Romar is always looking to be at the forefront of manufacturing. The partnership with PMMCo increases Romar’s capability in the emerging field of 3D printing.
Romar’s CEO, Alan Lipman, explains, “At this stage 3D printing is a growing process. People are trying to work out ways to incorporate 3D into manufacturing. Right now in 2018, 3D is primarily used for prototyping and one-off component building, but one day I see 3D printing will be an integral part of the manufacturing process.”
This partnership with PMMCo means that Romar now has the facilities for 3D metal printing and 3D PVC printing under one roof. The collaboration developed from their shared interest in the world’s first 3D printable PVC filament, developed by Chemson Pacific. PMMCo had been working with Chemson developing printing protocols for 3D vinyl since 2014 and is one of the foremost authorities in the 3D printing of vinyl.
Who is PMMCo?
PMMCo is the Perpetual Motion Machine Company, with the tagline ‘Engineering practical solutions for innovators, researchers, teachers, students and dreamers.’
Marc Jolivet, owner/operator of PMMCo says,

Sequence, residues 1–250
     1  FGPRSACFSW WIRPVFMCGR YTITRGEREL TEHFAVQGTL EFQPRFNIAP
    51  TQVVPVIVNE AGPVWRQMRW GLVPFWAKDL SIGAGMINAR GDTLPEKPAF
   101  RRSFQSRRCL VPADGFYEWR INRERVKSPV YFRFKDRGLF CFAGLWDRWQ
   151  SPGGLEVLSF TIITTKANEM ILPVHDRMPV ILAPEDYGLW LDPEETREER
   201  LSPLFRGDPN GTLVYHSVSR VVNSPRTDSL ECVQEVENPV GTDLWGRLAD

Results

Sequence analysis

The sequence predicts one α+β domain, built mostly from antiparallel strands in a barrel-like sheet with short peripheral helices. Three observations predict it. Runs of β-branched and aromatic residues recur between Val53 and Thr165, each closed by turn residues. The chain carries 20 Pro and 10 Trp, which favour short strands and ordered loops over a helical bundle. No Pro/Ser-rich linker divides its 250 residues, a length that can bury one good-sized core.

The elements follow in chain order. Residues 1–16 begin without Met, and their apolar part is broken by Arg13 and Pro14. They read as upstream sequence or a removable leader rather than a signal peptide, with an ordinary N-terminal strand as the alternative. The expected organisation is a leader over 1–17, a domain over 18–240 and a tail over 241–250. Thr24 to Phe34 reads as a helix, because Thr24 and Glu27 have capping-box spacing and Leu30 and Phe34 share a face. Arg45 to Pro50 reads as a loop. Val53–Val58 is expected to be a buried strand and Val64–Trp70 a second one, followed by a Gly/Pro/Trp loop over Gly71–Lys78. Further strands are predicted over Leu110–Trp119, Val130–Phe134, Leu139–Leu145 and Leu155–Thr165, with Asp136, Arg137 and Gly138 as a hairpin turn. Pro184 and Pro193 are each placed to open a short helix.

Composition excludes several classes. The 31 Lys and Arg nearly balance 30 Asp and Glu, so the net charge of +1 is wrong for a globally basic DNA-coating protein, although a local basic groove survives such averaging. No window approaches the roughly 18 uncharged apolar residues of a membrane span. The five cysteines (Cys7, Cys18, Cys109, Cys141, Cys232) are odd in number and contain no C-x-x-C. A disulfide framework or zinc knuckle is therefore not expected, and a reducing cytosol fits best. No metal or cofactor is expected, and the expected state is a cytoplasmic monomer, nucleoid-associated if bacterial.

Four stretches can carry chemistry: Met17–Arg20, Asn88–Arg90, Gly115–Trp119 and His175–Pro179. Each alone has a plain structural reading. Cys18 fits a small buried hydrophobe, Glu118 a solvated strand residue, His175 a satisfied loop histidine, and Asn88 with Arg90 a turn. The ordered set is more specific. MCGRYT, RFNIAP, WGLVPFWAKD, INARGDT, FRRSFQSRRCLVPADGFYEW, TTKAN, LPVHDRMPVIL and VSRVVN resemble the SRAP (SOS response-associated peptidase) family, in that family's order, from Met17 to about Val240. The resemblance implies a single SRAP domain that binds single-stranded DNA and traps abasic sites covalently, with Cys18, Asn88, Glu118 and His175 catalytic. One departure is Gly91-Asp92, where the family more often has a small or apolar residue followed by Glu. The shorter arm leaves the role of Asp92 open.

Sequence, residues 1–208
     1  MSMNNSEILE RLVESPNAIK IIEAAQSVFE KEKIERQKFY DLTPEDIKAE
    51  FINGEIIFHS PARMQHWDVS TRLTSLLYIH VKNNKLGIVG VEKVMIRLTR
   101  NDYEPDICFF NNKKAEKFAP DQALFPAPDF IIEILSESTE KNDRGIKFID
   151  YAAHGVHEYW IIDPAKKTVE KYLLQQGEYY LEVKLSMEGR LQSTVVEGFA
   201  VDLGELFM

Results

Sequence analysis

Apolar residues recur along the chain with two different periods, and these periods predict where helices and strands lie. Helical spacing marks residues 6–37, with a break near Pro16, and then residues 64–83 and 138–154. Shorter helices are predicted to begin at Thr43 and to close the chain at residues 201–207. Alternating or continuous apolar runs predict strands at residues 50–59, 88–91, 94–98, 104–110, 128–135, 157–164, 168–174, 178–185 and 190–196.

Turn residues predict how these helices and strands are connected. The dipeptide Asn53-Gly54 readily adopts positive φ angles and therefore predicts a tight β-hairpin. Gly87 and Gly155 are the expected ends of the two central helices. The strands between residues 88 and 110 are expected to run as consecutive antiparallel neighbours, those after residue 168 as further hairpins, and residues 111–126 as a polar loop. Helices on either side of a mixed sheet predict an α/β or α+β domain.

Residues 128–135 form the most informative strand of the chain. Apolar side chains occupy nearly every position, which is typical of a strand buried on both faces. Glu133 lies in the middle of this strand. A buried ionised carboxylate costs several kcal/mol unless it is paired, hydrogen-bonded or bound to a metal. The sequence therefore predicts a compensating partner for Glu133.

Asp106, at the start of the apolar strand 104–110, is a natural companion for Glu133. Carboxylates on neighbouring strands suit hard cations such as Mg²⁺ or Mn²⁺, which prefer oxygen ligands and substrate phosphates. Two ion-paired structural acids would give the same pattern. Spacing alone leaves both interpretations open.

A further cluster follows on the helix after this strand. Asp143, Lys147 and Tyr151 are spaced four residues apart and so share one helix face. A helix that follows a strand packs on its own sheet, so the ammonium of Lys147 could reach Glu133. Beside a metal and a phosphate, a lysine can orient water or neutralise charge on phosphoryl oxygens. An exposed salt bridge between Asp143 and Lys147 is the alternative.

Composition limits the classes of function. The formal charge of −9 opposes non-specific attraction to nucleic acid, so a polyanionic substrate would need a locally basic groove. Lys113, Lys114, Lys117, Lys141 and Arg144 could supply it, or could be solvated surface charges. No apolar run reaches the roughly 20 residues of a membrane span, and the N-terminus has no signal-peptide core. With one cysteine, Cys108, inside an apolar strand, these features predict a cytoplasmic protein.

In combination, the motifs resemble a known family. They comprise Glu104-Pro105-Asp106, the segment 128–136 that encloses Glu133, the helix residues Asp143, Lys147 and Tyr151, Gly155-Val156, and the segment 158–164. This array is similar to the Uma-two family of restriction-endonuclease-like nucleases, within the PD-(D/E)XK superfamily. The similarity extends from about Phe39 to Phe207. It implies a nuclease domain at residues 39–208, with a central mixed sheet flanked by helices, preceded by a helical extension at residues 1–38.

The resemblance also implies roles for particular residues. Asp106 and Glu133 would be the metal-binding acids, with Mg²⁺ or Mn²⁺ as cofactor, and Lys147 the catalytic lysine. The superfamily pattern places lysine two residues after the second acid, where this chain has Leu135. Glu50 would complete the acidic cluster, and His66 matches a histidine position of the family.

“I’ve been within the scientific field for a long time. I’m not a scientist … I’m a technician. I’ve worked at two universities for a fair amount of time, I’ve worked with CSIRO and I’ve worked with private research companies like RESMED in their research and development lab.
My varied background gives me the skills I need to design and build low-volume scientific instruments and equipment.”
3D printing with PVC (various plastics)
Some of PMMCo’s 3D printing machines use a process called FDM (fused deposition modelling). The procedure involves taking a reel of thin plastic wire and feeding it into a heated nozzle which extrudes it onto a platform.
This computer controlled device then builds up a structure using heat and the movement of the wire through the heater block.
PMMCo also has an SLA (stereolithographic apparatus) 3D Printer. The SLA uses a computer controlled laser to solidify a resin. This technology gives better accuracy and finish but has a higher production cost.
Marc is constantly working on using different materials, testing them to see what can be done. He helps Romar to develop small moulds to test manufacturing processes and get the team close to a finished product.
Idea to production
PMMCo has a ‘CAD to CAM’ philosophy: computer assisted design, to computer assisted manufacture. This aligns perfectly with Romar’s six steps to manufacturing.
Marc summarises this philosophy, that takes you from idea to production:
“You have an idea, you come to a guy like me or go to Romar and say, ‘This is my idea.’
The first stage is a CAD drawing of your idea, then we make you a working concept model – and with 3D printing this is very affordable to do. Then you can test out your concept model and make sure it works. Then we’ll think about how to prototype it.
The end goal is that you can manufacture your idea in a way that allows you to sell it within a commercially viable price range.”